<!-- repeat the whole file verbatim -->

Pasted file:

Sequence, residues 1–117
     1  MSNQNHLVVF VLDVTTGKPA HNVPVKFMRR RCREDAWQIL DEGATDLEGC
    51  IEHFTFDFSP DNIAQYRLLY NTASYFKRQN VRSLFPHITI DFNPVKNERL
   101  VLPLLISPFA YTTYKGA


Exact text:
Sequence, residues 1–117
     1  MSNQNHLVVF VLDVTTGKPA HNVPVKFMRR RCREDAWQIL DEGATDLEGC
    51  IEHFTFDFSP DNIAQYRLLY NTASYFKRQN VRSLFPHITI DFNPVKNERL
   101  VLPLLISPFA YTTYKGA